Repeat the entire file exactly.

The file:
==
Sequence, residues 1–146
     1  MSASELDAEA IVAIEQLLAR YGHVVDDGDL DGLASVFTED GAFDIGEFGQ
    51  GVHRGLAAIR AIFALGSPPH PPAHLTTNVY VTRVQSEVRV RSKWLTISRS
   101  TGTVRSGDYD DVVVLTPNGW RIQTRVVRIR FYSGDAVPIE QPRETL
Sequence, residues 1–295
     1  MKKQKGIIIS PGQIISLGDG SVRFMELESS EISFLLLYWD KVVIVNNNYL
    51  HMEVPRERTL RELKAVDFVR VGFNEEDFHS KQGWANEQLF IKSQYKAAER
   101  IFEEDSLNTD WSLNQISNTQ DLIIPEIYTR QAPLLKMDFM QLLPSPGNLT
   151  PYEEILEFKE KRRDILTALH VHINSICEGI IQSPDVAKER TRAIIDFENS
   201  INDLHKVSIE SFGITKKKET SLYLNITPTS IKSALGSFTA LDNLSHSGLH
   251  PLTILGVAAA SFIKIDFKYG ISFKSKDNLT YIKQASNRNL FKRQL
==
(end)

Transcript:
Sequence, residues 1–146
     1  MSASELDAEA IVAIEQLLAR YGHVVDDGDL DGLASVFTED GAFDIGEFGQ
    51  GVHRGLAAIR AIFALGSPPH PPAHLTTNVY VTRVQSEVRV RSKWLTISRS
   101  TGTVRSGDYD DVVVLTPNGW RIQTRVVRIR FYSGDAVPIE QPRETL
Sequence, residues 1–295
     1  MKKQKGIIIS PGQIISLGDG SVRFMELESS EISFLLLYWD KVVIVNNNYL
    51  HMEVPRERTL RELKAVDFVR VGFNEEDFHS KQGWANEQLF IKSQYKAAER
   101  IFEEDSLNTD WSLNQISNTQ DLIIPEIYTR QAPLLKMDFM QLLPSPGNLT
   151  PYEEILEFKE KRRDILTALH VHINSICEGI IQSPDVAKER TRAIIDFENS
   201  INDLHKVSIE SFGITKKKET SLYLNITPTS IKSALGSFTA LDNLSHSGLH
   251  PLTILGVAAA SFIKIDFKYG ISFKSKDNLT YIKQASNRNL FKRQL